I have been working on an online course from the Karen Pryor Academy which has been really challenging and fun. I truly love learning about dog training, and luckily Gracie is a willing participant! One of the most useful things in the last while was a way of problem-solving that just clicked with me (no pun intended for the clicker-trainers in the audience.) The homework was to use the strategy to solve some problem with your dog’s behavior, so Gracie’s awful habit of chasing the cats around at mealtime became my project. (You can ignore all of this is you’re not interested in dog training, but I will say that it works with other animals and even people!)
You establish four things first. What is the problem you’re trying to solve? What are the opportunities for the dog to practice the behavior you’re trying to fix? What are the cues or triggers that get everything going? And what is reinforcing the behavior?
So, for example, the problem I want to solve is Gracie chasing after two of our cats while we prepare dinner. The opportunity is that Gracie and the cats are both free in the house. The cues (triggers) are that dinner prep starts and the cats wander into the kitchen. And the reinforcement is easy – chasing cats is really fun, and dinner gets served after. You can’t blame Gracie for chasing the cats – she’s having a blast and it is immensely rewarding (for Gracie, not the cats!).
So, take your four questions again, but change the first one to: What behavior do you want to see? I want Gracie to settle on her mat and stay there while we prepare dinner, even if the cats are hanging around her.
I know that’s a lot to ask, but she’s a smart dog, and she already knows how to settle on a mat. In dog training, there are also the 3 Ds – distance, duration, and distraction that we work on. And Gracie can do her mat at a small distance – but in our small kitchen, distance isn’t an issue. I also know that she can settle on her mat for several minutes when asked, which takes care of the duration issue. But that third D – distraction – that’s a biggie here. Cats are a HUGE distraction.
I started the training by reminding her about her mat skills, and went around getting stuff out of the fridge, getting plates and bowls out, getting kibble out of the bins while she rested on her mat. Getting the kibble out was too big a distraction the first time around but she had it down pretty quickly. We basically worked on all the distractions of dinner prep except the cats…which are kinda hard to schedule and orchestrate. (They are cats, after all.)
Then we were ready to put it all together in real time. The behavior I want is for Gracie to settle on her mat while dinner is prepared. The opportunities don’t really change – everyone is still free in the house. But the cues change – Gracie gets cued (asked) to lie down on her mat and stay until released. She is reinforced for that by a click and treat, lots of praise, and dinner.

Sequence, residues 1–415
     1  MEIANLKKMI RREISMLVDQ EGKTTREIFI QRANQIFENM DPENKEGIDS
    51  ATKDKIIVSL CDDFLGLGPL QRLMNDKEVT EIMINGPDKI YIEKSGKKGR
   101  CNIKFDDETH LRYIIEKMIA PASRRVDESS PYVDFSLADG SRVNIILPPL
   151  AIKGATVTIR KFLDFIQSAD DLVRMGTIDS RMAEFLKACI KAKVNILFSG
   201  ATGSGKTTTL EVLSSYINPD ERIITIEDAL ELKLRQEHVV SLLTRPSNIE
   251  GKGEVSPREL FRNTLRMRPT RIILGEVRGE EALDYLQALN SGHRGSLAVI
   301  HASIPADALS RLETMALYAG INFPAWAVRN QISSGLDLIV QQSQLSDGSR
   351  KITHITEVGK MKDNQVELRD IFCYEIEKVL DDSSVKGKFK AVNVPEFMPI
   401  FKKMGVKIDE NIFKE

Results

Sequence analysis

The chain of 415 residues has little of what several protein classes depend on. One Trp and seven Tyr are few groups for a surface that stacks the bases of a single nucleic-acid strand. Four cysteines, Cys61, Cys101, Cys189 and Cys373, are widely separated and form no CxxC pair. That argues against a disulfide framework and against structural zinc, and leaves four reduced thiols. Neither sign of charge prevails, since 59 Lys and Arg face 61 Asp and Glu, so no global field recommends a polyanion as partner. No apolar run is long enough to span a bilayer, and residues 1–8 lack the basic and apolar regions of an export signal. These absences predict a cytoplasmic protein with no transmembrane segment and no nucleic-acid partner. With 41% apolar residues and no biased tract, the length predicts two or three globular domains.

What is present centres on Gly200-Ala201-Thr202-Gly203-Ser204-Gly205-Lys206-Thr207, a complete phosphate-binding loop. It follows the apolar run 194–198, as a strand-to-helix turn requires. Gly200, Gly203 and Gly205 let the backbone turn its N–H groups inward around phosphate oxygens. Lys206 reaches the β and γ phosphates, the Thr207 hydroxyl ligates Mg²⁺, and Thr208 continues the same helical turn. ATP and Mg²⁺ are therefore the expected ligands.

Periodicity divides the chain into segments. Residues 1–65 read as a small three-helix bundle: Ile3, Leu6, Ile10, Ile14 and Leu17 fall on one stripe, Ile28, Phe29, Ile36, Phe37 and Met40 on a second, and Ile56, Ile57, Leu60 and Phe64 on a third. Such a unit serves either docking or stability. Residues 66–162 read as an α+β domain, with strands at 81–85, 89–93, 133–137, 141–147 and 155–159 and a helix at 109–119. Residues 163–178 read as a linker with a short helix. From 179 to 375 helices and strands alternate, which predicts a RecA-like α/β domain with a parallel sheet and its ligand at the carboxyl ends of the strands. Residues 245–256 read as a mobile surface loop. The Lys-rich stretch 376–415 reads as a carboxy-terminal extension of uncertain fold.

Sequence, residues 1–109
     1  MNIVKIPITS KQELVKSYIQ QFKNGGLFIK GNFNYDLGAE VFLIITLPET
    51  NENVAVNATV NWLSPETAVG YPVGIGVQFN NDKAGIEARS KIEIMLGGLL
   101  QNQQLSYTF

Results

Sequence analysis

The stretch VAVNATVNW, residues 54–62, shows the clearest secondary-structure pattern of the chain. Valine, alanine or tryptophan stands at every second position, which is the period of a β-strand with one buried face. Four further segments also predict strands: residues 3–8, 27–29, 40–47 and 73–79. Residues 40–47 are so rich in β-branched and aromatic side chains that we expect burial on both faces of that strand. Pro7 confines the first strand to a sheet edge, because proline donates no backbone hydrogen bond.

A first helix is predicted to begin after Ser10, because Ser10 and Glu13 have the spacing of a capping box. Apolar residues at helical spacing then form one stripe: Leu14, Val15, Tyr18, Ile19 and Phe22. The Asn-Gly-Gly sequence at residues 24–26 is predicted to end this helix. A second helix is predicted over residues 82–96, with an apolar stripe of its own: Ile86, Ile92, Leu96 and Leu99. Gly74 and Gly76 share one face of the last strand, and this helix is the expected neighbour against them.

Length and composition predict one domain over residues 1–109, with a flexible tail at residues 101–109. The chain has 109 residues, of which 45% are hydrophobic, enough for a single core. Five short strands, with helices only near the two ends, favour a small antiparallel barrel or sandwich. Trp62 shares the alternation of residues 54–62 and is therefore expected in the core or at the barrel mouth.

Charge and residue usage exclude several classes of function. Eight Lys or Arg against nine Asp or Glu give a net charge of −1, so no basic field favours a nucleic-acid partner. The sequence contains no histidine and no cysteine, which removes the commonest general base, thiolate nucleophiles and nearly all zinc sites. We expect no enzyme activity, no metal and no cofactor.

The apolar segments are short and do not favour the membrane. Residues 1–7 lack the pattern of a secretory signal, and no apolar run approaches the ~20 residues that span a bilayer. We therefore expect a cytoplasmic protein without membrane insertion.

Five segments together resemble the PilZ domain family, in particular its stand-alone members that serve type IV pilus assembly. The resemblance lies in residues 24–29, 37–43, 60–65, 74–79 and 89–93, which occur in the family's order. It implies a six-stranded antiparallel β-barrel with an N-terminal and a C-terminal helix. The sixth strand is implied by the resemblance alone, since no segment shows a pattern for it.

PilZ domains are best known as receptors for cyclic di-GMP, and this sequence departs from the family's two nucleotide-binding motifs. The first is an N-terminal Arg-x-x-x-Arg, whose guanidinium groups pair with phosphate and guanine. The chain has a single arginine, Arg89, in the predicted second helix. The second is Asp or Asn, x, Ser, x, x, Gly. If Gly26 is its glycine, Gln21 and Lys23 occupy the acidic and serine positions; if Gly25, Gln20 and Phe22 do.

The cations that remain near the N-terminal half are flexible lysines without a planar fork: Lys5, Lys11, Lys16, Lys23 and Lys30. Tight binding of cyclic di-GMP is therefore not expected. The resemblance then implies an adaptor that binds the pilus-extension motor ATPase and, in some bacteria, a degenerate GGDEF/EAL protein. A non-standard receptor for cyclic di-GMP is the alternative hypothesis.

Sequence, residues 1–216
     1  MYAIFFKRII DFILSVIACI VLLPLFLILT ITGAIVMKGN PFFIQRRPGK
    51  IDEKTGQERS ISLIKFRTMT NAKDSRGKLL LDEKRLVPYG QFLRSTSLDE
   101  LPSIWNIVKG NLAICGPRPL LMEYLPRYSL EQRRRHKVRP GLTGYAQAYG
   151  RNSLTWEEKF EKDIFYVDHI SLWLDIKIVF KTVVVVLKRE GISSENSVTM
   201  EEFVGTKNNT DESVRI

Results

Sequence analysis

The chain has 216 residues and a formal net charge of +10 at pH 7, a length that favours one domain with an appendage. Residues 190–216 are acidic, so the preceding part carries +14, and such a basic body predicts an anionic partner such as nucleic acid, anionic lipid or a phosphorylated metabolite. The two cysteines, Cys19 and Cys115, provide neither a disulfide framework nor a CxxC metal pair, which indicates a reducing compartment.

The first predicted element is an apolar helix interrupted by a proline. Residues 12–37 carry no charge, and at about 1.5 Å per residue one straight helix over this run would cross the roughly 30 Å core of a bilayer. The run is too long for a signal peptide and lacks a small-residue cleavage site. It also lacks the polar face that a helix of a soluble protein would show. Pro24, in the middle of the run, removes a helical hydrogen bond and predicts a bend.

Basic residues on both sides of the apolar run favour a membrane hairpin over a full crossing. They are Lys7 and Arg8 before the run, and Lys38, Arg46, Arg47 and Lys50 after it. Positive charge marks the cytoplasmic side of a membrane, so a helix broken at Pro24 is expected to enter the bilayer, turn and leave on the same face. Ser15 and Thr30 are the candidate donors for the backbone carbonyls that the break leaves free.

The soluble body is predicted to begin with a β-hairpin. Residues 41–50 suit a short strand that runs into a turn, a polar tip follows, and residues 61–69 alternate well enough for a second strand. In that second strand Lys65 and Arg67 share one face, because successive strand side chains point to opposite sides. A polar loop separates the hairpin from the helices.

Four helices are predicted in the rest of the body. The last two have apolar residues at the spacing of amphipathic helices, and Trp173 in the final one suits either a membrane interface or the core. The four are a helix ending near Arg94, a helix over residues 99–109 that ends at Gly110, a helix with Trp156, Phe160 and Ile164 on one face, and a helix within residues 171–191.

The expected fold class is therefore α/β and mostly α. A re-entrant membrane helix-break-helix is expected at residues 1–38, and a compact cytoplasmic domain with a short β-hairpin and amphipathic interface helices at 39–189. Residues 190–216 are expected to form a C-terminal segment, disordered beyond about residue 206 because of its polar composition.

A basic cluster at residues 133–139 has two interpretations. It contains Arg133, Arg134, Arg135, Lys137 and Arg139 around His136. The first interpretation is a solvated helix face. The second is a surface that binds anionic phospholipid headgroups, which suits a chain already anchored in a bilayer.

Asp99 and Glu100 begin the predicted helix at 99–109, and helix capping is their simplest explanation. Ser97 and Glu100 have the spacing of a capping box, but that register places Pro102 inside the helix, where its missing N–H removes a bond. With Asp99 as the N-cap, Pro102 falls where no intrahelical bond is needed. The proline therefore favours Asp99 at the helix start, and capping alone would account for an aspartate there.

It was touch and go the first evening. She was up at least three times because I provided too little supervision that first evening. The next time I asked Marley to do all the food prep while I kept an eye on Gracie and reminded her to stay every now and then and she did better. We are now to the place where I can have my back turned and be doing some dinner prep with Marley, but when he starts taking food to the various cat stations I am still keeping an eye on Gracie, but she’s getting the idea. In no time she will be able to ignore the cats and hold her place on the mat until released. The cats seem to think this is all a big improvement. <g>
That’s probably more than you want to know about dog training, but if you look at the model it works for people and other animals as well. There has been so much in this course that has been worthwhile but this model was a real gem for me; I’m sure I will find tons of ways to use it over the years. Recognizing that “bad” behaviors are strongly reinforced and that’s part of the reason they continue, and looking for solutions (besides nagging) and reinforcers that will bring about a different behavior…game changer in my mind.
And a quick thank you to all of you for your kind words about Leelu. We are still feeling a bit heartbroken, but we look forward to fostering another dog after we’ve had a little time to grieve. There are lots of dogs out there that need a kind place to land, and we hope to be one of those places in the not too distant future. And I hope that the certified behaviorist who was helping us with Leelu doesn’t mind me posting this here, but her note to me this evening included the following. “Dogs come into our lives, we love them, flaws and all, and grieve their loss when they are gone. They all teach us something, they all leave their mark, and I think every dog in your life will likely benefit from the fact that you had Leelu because of what you learned helping her. That is part of her legacy, a benefit for all future dogs you foster, rescue, and work with.” I would be very glad if this is so.